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Westerhoff and McCallum: More from the OCA on Expert Evidence

Two New Judges Appointed to Tax Court of Canada

Two new judges have been appointed to the Tax Court of Canada.

From the news release published by the Department of Justice:

OTTAWA, February 6, 2015 – The Honourable Peter MacKay, P.C., Q.C., M.P. for Central Nova, Minister of Justice and Attorney General of Canada, today announced the following appointments:

The Honourable Dominique Lafleur, a lawyer with KPMG in Montreal is appointed a judge of the Tax Court of Canada to replace Madam Justice L. Lamarre, who has been appointed Associate Chief Justice of the Tax Court of Canada.

Madam Justice Lafleur received a Bachelor of Laws from the University of Montréal in 1989 and a Master’s degree in Taxation from the University of Sherbrooke in 1993. She was admitted to the Bar of Quebec in 1990.

Madam Justice Lafleur had been a lawyer with KPMG in Montreal since 2014. Prior to that, she had been counsel with Heenan Blaikie LLP, LLC in Montréal (1996-2014) and with Mendelson Rosentzveig Schacter (1991-96) working in the area of taxation. She had been a member of the consultative committee and Chair of Taxation and Public Finance at the University of Sherbrooke since 2006 and had been a speaker at study sessions and conferences on taxation for the Canadian Tax Foundation.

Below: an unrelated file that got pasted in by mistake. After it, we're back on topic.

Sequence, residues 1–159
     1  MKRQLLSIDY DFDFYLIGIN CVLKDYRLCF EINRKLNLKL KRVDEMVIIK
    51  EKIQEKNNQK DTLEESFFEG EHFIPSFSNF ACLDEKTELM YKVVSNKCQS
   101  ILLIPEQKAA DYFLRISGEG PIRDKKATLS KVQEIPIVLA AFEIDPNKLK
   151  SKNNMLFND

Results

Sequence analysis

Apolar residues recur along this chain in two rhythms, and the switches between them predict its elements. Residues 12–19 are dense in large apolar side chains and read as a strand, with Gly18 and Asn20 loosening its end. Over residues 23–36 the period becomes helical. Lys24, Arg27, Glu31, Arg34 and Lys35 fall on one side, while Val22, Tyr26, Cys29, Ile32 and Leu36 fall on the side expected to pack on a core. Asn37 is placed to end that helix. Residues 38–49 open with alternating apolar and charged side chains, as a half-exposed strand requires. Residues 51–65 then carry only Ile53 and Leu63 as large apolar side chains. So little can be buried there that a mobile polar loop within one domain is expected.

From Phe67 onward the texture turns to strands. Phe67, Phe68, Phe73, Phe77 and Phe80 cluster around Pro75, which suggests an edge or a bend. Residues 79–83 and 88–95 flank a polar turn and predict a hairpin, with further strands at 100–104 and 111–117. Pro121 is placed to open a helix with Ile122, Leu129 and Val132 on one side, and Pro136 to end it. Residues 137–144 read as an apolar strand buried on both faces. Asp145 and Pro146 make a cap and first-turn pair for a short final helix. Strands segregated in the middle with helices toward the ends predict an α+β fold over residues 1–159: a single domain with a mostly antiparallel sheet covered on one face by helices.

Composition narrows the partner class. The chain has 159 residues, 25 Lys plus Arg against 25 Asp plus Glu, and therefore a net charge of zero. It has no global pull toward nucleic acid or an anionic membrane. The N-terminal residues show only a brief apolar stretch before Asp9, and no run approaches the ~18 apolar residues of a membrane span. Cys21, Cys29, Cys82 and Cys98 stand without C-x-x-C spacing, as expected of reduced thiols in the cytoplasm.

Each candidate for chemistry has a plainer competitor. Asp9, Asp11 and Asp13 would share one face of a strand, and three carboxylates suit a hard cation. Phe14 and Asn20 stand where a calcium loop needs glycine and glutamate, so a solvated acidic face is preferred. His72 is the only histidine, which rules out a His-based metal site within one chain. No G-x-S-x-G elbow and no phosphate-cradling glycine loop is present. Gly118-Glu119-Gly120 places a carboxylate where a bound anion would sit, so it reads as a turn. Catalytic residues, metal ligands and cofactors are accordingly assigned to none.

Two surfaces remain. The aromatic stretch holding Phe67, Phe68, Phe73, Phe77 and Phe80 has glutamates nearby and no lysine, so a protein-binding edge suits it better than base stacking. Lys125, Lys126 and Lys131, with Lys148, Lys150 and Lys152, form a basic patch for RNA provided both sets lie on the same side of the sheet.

The Honourable Sylvain Ouimet, a lawyer with the Department of Justice Canada in Ottawa and Montreal is appointed a judge of the Tax Court of Canada to replace Mr. Justice P. Bédard, who resigned effective August 31, 2014.

Mr. Justice Ouimet received a Bachelor in Business Administration (Finance) from l’Université du Québec à Montréal in 1993 and a Bachelor of Laws from l’Université de Montréal in 1997. He also earned a “Certificat en initiation au droit français” from l’Université de Poitiers in France in 1996. He was admitted to the Bar of Quebec in 1999.

Mr. Justice Ouimet had been a lawyer with the Department of Justice’s Ottawa and Montreal offices working in the area of taxation since 2002. Previously, he had been a competition law officer for Industry Canada in Gatineau (2001-02) and an analyst for Laboratoires Abbott Limitée in Montreal (2000).

These appointments are effective immediately.

Two New Judges Appointed to Tax Court of Canada

Update: TCC and FCA Appointments

Tax Court of Canada

Associate Chief Justice Eugene Rossiter has been appointed as the next Chief Justice of the Tax Court of Canada. Justice Rossiter replaces current Chief Justice Gerald Rip, who has elected to become a Supernumerary Judge of the Tax Court.

Federal Court of Appeal

C. Michael Ryer has been appointed as a Judge of the Federal Court of Appeal. Justice Ryer served as Judge of the Court of Appeal from 2006 to 2009, after which he became counsel to Deloitte Tax Law LLP in Calgary. Justice Ryer replaces Justice Karen Sharlow, who retired from the Court in September 2014.

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Update: TCC and FCA Appointments

McKesson: Additional Submissions on Motion

“The Order and Reasons for Recusal do not and should not form part of the record before this Court. Their existence in the public domain does not compromise the ability of this Court to adjudicate the appeal or the appearance and reality of a fair process.”
-Crown’s Written Representations

In the most recent developments in the McKesson transfer pricing case, the Respondent has filed its Written Representations in response to the Appellant’s motion to raise new issues on appeal, and the Appellant has filed a Reply submission.